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Are you just saying that?

Or do you mean it?

After being asked for a fourth time in a row about whether I mean a compliment or not, I sat about thinking whether I did mean it, and decided to write about it. A very weird thing to do, you might think. And that is a fair assessment. Who would write a blog post about such an inane incident that has no repercussions. But I will disagree for the sake of writing this article: small things matter. Then again this is motivated more by own boredom than anything else.

Context: Art’s day in college. Or rather, the day before Arts day, with Fashion show and Group Dance being the two leading events. Whenever I see acquaintances or friends after their performance I offer them a compliment. To which they immediately respond, “Do you mean it? Or some variant. To which I insist I meant it. Only to a close friend did I feel comfortable enough to say “I’ll tell you later.”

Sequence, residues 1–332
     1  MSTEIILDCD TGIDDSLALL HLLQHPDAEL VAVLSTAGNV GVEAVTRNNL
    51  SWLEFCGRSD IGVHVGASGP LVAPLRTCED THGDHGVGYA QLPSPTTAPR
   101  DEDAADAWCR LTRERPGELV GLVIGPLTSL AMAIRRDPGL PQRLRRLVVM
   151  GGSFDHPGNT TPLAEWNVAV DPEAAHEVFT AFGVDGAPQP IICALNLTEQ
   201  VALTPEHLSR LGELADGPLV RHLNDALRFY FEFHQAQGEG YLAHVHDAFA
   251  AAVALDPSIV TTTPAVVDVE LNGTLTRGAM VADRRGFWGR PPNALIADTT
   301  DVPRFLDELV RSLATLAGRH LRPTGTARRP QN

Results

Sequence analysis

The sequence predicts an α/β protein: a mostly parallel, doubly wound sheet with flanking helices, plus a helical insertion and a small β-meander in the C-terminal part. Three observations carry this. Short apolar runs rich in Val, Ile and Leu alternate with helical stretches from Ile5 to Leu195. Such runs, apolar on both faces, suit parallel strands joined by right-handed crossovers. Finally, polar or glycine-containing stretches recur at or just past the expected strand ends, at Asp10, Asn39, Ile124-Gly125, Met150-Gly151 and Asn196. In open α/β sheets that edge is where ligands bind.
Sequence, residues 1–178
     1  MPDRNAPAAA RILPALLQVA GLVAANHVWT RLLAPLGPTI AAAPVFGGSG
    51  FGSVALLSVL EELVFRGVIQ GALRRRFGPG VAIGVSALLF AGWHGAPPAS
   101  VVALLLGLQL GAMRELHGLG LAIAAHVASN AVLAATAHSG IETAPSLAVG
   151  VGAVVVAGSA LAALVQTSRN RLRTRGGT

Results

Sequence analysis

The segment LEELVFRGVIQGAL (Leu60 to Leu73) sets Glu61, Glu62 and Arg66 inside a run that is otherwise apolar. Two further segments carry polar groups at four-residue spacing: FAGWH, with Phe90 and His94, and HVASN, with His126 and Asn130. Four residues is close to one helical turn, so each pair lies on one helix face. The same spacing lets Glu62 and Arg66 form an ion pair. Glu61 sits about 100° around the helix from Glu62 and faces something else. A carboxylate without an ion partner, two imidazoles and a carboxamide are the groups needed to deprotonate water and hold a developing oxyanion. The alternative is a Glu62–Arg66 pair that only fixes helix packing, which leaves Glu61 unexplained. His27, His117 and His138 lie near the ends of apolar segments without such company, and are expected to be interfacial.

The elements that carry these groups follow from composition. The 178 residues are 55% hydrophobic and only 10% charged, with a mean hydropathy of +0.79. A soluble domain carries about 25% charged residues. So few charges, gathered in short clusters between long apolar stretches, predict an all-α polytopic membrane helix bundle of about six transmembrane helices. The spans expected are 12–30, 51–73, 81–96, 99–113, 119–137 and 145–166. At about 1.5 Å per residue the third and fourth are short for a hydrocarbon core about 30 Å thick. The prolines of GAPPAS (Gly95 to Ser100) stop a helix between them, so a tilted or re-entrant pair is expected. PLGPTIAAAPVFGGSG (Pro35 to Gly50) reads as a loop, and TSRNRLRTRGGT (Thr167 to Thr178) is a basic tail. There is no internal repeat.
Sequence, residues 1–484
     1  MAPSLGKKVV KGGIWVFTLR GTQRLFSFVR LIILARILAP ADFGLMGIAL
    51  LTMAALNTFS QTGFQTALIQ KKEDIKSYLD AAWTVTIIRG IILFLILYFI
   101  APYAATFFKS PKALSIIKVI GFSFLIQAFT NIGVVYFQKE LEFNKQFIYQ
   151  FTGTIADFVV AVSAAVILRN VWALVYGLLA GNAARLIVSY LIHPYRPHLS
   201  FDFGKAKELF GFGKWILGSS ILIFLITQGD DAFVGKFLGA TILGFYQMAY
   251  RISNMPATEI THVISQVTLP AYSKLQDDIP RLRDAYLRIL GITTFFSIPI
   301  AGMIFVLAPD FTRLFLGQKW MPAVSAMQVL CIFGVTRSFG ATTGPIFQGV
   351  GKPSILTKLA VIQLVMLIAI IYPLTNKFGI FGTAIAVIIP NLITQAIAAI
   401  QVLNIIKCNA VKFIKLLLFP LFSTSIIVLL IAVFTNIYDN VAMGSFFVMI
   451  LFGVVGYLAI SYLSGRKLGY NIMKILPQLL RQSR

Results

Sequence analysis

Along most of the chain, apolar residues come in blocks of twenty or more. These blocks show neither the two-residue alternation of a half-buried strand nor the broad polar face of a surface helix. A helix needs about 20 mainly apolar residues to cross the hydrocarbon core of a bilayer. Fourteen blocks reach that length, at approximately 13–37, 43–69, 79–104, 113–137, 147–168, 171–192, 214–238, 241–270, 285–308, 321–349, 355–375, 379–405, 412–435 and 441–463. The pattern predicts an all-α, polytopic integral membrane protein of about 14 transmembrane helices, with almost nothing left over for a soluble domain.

The compliment I’m offering is in essence a social nicety, something you do cause the opposite could upset social relationships. The performer is standing in front of you and you probably can’t (and shouldn’t) pretend like you didn’t see them. They are most probably in their costume, drenched in sweat and visibly tired after their performance, Hours of effort and dedication have condensed to a few minutes, and they look at you expectantly. How could I possibly say anything but a compliment at that moment? I am not so heartless so as to say what I think. Doing so would be utterly cruel. Yet, I am inclined to think, are we not to say what we mean? Nonetheless, words do come cheap, do they not? What possible harm can a compliment cause? On the other hand, the more you compliment, more the value depreciates.

I want to think of the whole affair like this: I am complimenting to appreciate your effort and performance, and not necessarily acclaiming it one way or another.

All that being said, I would not in good conscience give a compliment to a terrible performance.

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